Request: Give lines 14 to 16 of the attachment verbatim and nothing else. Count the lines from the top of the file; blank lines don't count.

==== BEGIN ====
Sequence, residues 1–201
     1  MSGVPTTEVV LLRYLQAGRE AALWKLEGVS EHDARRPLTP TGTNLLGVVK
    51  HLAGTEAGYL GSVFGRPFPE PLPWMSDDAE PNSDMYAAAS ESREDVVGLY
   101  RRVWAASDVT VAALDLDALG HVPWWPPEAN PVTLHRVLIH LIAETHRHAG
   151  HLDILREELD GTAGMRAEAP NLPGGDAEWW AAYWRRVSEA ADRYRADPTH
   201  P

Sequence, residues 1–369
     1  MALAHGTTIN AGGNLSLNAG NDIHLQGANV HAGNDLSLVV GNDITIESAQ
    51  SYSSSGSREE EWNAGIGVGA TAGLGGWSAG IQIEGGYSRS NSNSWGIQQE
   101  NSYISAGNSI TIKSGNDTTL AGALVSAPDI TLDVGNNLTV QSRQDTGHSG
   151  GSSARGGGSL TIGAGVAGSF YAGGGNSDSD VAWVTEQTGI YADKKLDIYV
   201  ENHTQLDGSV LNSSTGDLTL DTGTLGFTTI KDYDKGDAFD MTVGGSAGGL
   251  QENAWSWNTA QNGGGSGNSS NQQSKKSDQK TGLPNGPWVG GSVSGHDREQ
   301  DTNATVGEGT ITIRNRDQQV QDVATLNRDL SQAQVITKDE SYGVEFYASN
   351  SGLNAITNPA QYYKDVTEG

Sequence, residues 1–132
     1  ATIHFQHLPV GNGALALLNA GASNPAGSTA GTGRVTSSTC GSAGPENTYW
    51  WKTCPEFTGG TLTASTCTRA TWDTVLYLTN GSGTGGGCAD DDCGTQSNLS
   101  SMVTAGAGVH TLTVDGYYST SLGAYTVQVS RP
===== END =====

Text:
   301  DTNATVGEGT ITIRNRDQQV QDVATLNRDL SQAQVITKDE SYGVEFYASN
   351  SGLNAITNPA QYYKDVTEG

Sequence, residues 1–132